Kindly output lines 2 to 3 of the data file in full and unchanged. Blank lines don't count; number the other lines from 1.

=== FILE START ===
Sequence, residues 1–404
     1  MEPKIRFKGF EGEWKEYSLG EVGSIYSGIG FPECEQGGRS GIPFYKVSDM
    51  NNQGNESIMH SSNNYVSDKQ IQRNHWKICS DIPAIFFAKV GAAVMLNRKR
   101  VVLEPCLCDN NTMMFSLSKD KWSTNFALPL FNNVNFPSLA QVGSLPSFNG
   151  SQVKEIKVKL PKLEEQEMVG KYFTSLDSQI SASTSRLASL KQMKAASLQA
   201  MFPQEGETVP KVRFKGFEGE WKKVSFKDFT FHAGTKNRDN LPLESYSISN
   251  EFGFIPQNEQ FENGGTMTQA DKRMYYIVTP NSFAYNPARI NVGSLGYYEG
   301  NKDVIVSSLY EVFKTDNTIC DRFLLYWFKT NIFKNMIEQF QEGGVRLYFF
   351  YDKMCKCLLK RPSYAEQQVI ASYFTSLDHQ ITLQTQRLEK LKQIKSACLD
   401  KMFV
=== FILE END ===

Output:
     1  MEPKIRFKGF EGEWKEYSLG EVGSIYSGIG FPECEQGGRS GIPFYKVSDM
    51  NNQGNESIMH SSNNYVSDKQ IQRNHWKICS DIPAIFFAKV GAAVMLNRKR